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Buddhadharma : Summer 2015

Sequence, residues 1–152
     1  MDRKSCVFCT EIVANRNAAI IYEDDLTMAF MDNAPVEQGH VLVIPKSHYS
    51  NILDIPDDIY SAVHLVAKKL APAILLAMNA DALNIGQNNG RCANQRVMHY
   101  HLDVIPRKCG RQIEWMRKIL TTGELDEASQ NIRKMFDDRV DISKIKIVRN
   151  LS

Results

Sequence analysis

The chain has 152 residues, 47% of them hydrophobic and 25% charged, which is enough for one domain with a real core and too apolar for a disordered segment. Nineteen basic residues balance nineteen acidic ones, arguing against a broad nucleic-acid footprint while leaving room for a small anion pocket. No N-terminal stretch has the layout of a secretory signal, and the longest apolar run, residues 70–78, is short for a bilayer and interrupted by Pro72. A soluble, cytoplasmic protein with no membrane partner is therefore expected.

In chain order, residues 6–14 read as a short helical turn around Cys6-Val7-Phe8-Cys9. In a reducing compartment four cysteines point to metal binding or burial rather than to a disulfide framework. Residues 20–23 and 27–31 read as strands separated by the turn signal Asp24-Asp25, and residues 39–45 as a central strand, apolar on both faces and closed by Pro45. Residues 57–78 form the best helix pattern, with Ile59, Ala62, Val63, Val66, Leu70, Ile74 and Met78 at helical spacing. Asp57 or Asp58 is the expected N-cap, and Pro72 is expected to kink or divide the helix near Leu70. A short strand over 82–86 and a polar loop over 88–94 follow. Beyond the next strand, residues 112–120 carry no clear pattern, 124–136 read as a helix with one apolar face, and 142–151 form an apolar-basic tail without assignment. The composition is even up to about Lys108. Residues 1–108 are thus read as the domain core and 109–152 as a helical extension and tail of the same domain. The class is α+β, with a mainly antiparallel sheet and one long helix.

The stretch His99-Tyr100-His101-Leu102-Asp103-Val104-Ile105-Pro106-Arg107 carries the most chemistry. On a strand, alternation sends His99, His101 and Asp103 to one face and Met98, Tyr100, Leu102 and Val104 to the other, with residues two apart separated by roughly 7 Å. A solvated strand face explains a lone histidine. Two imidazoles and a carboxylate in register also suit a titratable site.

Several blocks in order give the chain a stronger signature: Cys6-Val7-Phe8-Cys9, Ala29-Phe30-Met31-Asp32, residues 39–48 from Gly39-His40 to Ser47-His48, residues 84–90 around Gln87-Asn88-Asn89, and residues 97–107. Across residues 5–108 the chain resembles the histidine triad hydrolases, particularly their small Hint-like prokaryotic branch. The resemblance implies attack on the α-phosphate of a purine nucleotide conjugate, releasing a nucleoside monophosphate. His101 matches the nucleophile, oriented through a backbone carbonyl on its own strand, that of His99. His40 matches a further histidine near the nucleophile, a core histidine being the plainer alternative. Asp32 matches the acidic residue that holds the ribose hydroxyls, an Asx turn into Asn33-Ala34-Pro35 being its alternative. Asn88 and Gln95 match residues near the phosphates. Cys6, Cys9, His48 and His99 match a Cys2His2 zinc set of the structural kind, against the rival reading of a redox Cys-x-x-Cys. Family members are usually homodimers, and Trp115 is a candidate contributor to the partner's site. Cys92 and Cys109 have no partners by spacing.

54 buddhadharma: the practitioner’s quarterly summer 2015 Forum Joan sutherland • bodhin KJolhede • Judy roitman THE USE OF THE KOAN as a formal teaching tool entered the West through the efforts of pioneer- ing teachers such as Soyen Shaku, who taught Mr. and Mrs. Alexander Russell and their family at their home outside of San Francisco in 1905. (It seems that Mrs. Russell was the first person in the United States to undertake koan study.) Soyen Shaku’s student Nyogen Senzaki compiled his 101 Zen Sto- ries in 1919 and used koans in his teaching in San Francisco at least from the 1920s onward. Sokei-an Shigetsu Sasaki, a Rinzai master who pioneered the Zen way in New York in the 1930s, made use of koans with his students, including Ruth Fuller, who became his wife. Ruth Fuller Sasaki’s contribution to the development of Zen in the West through her translations of major Zen texts, including Zen Dust: The History of the Koan and Koan Study in Rinzai (Lin- chi) Zen, is inestimable. However, koans have always been with us, and always are. They arise natu- rally in life situations and out of the dilemmas we face. At times of crisis, as when we lose someone we love through death or separation, we can find that we are facing ultimate questions such as What is the purpose of life? In the instance of the death of a loved one, we may find ourselves asking, Where has the one I love gone? At such times, we may somehow find the tenacity to stay with a fundamental question until it resolves. Beyond the koans that arise spontaneously from our traumatic experiences, we can find or cre- ate koans from within the weave of our lives. My father, while not a Zen practitioner in the formal sense, exemplified grace under pressure, that abil- ity to deal lightly and freely with what is painful and difficult. When he was in his eighties, he was knocked down by a delivery van. In the hospital they put him in “treatment” prior to admitting him as a patient. Although no one could find time to get him a bottle to piss in, during the three hours he waited there, four staff members came round with their clipboards to ask him his age. He generously gave each of them a fresh response: “twenty-one,” “ninety-eight,” “forty-seven,” and, finally, “two hundred!” This story, treated as a koan, is rich in possibilities concerning time and the mystery of words. Verses, stories, dialogues between teacher and student, lines from the Bible, dreams, folk stories, and stories of our lives in love and work all fur- nish us with rich resources for the beginnings of a Western koan tradition. The koan literature we have inherited comes to us almost entirely out of patriarchal monastic traditions, so understandably there are lacunae, especially regarding relationships, family, love and sex, childbirth and child rearing. As Zen teachers and students, we have an opportunity as well as a responsibility to develop koans that reflect these aspects of our lives. Suggesting that we can discover or create koans in Western contexts does not mean we should aban- don the noble koan traditions that come down to us. Such a legacy is a matter of wonder and is tre- mendously efficacious. We shouldn’t abandon tradi- tion; rather, we should feel free to extend it. In the following panel discussion, a rare meeting of teachers from different koan traditions, we are invited to glimpse the world of koans—how they work, and how their practice is taking shape in the West. Koans How we work with Them How They work on Us introduction by ross bolleter ROSS BOlleTeR is a Zen teacher in the Diamond Sangha tradition and the senior teacher of Zen Group of western Australia in Perth. The author of Dongshan’s Five Ranks: Keys to Enlightenment, he is currently compiling a collection of western koans. illustrations by marK t. morse